Michelle Williams’ ‘Fabelmans’-esque origin story? It starts with PTA and Björk
Michelle Williams has been talking about artistic journeys — her own and the one at the heart of “The Fabelmans,” the film that just earned her a fifth Oscar nomination — and she pulls out her phone to show me a photo of her 17-year-old daughter, Matilda, joyfully holding her little baby brother, the 3-month-old currently sleeping in Williams’ room here at the Hotel Bel-Air.
Matilda is wearing a Bob Dylan T-shirt, which Williams bought and constantly wore half a lifetime ago when she was a teenager living in Wilmington, N.C., and shooting “Dawson’s Creek.” Williams has long wanted to take Matilda to Wilmington, but that’s a road trip that hasn’t happened yet. “I always thought, maybe I’ll get a job, and it would take me back,” Williams says. “Maybe someday.”
Williams was 17 when she went to Wilmington in 1998 to begin her six-year run on “Dawson’s Creek.” It wasn’t long after she had moved from San Diego to Los Angeles, living on her own as an emancipated minor, sleeping on the floor on a foam mattress, subsisting mostly on takeout pizza.
“I was totally undeveloped in so many ways,” Williams says. “I was living some aspects of an adult life, sure. But I didn’t go to college. I wasn’t influenced by my high school peers. I was a small-town girl, having grown up in Montana and then moved to San Diego for a little bit and now, here I was, really trying to grab onto things.”
In Steven Spielberg’s “The Fabelmans,” a lightly fictionalized account of the filmmaker’s family life and burgeoning passion for filmmaking, Williams plays Mitzi, a version of his mother, Leah, a talented pianist attempting to balance her artistic impulses with being a wife and mother. Williams could relate with the life passages of both the movie’s son and mom, knowing firsthand the single-minded pursuit of a youthful dream and the choices you make as an adult to harmonize your children’s needs with your own.
At 87, the actor was the first person the casting director suggested. Steven Spielberg agreed. “For me, it was a real honor to work with him,” the director says.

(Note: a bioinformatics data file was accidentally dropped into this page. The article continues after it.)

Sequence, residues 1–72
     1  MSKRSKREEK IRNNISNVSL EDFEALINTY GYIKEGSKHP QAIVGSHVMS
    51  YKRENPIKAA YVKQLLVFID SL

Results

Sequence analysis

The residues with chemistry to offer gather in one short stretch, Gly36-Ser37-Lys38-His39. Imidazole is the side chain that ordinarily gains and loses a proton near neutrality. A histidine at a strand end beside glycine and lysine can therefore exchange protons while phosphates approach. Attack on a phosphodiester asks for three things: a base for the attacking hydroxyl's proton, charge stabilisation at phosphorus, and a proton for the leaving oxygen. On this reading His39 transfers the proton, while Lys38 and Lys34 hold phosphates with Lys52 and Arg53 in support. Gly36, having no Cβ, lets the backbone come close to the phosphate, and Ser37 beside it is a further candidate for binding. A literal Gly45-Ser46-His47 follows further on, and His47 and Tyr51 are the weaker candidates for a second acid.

With acting preempting the chance for a formal education, Williams says her “college campus” rotated between a Wilmington record store called CD Alley, a DVD shop, the name of which is lost to the sands of time, and the local Barnes & Noble.
If someone were to write a “Fabelmans”-esque origin story of her artistic awakening, it would start, Williams says, with her watching the films of Paul Thomas Anderson, particularly “Magnolia,” a movie about loneliness and loss, familial dysfunction and apocalyptic visions.
“That just scorched me from the inside out,” Williams says of the 1999 film. “But all his movies scorch me with their observations and performances and humanity. As a young woman, I was really struck by his flawed and difficult characters. I thought, ‘If I can love them, can I allow myself the same love for my own flaws and difficulties?’ I found those characters so beautiful. They challenged my sense of myself. They gave me a window into the possibilities of cinema and who I could be as a person.”
Right around this time, Fred Champion, who owned Wilmington’s CD Alley and hosted hundreds of concerts, movie screenings and theater performances from his downtown loft, gave Williams a Björk CD. She pressed play and started crying, simply because she didn’t know how to make sense of what she was hearing. Quite simply, Björk broke the way Williams understood the nature of sound.
“When someone hands you Björk, it becomes this very important moment,” Williams, 42, says. “You listen to it, you adhere to it and you stick it to yourself where there are these gaps and you need something to fill them in until you can flesh them out yourself.”